London's newest supportive housing complex welcomes first tenants

It used to be the Embassy Hotel, the landmark music venue. Now, the east London site on Dundas Street is known as the Embassy Commons, a 72-unit apartment building dedicated to housing vulnerable Londoners.

The supportive housing development at 744 Dundas St. was unveiled by Indwell, the Christian charity that builds and operates this type of housing, on Thursday, just as tenants started settling into their new homes.

“It’s a dream come true, really,” Graham Cubitt, Indwell's director of projects and development, said of the Embassy's completion.

“We've known for a long time that the need for what we can deliver is real. We know how to create new supportive housing,” he said, adding the process began four years ago and “now we’re here.”

About half of the tenants have already moved in, with full occupancy expected by mid-January, Indwell officials said during a media tour of the site on Thursday.

The 50,000-square-foot (4,500-square-metre) building at the corner of Dundas and English streets contains two common rooms, three commercial spaces, staff offices as well as the 72 affordable units, with an average size of 450 sq. ft. (40.5 sq. m).

Forty-two of those units located one side of the building are part of Indwell’s “enhanced support” program that assists tenants struggling with mental health, physical health and addiction, Cubitt said.

“We have nurses on staff, we have addictions support on staff, and we have food security, and health and nutrition on staff, so that we can bring in supports around people who otherwise are facing those real health barriers to stable housing,” he said.

The apartments units are “reflecting people’s income,” meaning one bedrooms rent for $570 a month as base rent. Five of the 30 units on the other side building facing English Street are two-bedroom, which are rented for about $840 a month.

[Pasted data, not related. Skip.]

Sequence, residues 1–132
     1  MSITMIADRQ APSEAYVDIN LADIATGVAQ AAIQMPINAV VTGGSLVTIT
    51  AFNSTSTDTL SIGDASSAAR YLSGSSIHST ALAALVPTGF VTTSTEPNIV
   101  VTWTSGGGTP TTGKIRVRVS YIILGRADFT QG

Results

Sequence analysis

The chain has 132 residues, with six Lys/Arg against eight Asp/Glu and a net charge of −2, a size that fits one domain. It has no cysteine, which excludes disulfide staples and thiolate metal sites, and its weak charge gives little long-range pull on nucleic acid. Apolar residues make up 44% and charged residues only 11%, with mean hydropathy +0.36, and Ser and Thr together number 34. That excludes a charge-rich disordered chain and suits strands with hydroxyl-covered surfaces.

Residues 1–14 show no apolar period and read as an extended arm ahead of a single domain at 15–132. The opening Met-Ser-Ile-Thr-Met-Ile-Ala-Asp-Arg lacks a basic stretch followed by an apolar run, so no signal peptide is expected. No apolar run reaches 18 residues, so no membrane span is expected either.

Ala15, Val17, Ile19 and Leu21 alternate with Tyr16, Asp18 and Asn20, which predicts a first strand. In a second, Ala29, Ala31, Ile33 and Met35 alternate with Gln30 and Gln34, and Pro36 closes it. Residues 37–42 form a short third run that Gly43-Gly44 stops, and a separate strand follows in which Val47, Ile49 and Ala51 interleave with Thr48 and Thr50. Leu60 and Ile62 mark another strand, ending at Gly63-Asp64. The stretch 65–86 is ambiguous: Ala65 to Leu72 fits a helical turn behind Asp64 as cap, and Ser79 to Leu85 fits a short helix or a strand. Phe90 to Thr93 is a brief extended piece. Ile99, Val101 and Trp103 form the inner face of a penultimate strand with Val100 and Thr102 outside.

Most of the units are accessible and 10 are considered “barrier-free,” meaning their rooms are designed with accommodations such as enough turning room for someone using a wheelchair, low countertops, and benches and bars built within the washrooms, said Natasha Thuemler, regional manager of Indwell.

The housing development recently received the colourful addition of two murals that grace the facades. Part of a collaboration with the London Clay Arts Centre, and led by artist Beth Turnbull-Morrish, the mosaic outside the Dundas Street entrance is comprised of more than 10,000 hand-stamped tiles made by volunteers, including tenants and staff.

One of the three commercial spaces belongs to the Squeaky Wheel Bike Co-Op, which aims to teach and encourage tenants, along with other Londoners, how to fix their own bikes, its manager, Jensen Didulo, said.

“We do that by accepting donations and having volunteers take some of the donated bicycles. What we can fix, we’ll fix, and what we can’t, we’ll turn into spare parts,” he said.

A priority for Indwell was ensuring the commercial spaces had a “social impact” that benefited not only tenants but also the broader London community, Cubitt noted as he led the way to the next business, Edgar and Joe's Café.

“One of our roles is to be able to open a full functioning restaurant to be able to service the individuals that live in this neighborhood and work within this building,” said Neil Burnett, senior manager of food and hospitality for Goodwill Industries, which created the social-enterprise cafe.

“But we also have a mission to be able to serve a healthy meal to the individuals and tenants within the building once a day,” he said. The café is slated to open in January.

Indwell works with local shelters and agencies, including the Canadian Mental Health Association, Atlohsa Family Healing Services and the London InterCommunity Health Centre, to determine who qualifies for the apartments and to provide all-around supports to those tenants.

“When we first moved to London, we did have an expression of interest, so we do still have a wait list that we are working through,” said Thuemler.

“We’re really looking to collaborate as a system to address the homelessness crisis in the community.”

The goal is to work with partners rather than duplicating their work, Cubitt said, adding many of the agencies “get stuck” in the support they can provide because there are few places for Londoners to find stable housing.

“We don't have the capacity in our community to keep putting more emergency solutions in place, and we need long-term, stable solutions,” he said.

Indwell’s approach to providing permanent housing is working, Cubitt said. “It’s an approach built on the capacity of other community agencies like InterCommunity Health. It’s really a systems approach but on an individual response.”

cleon@postmedia.com

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Calvi Leon, Local Journalism Initiative Reporter, London Free Press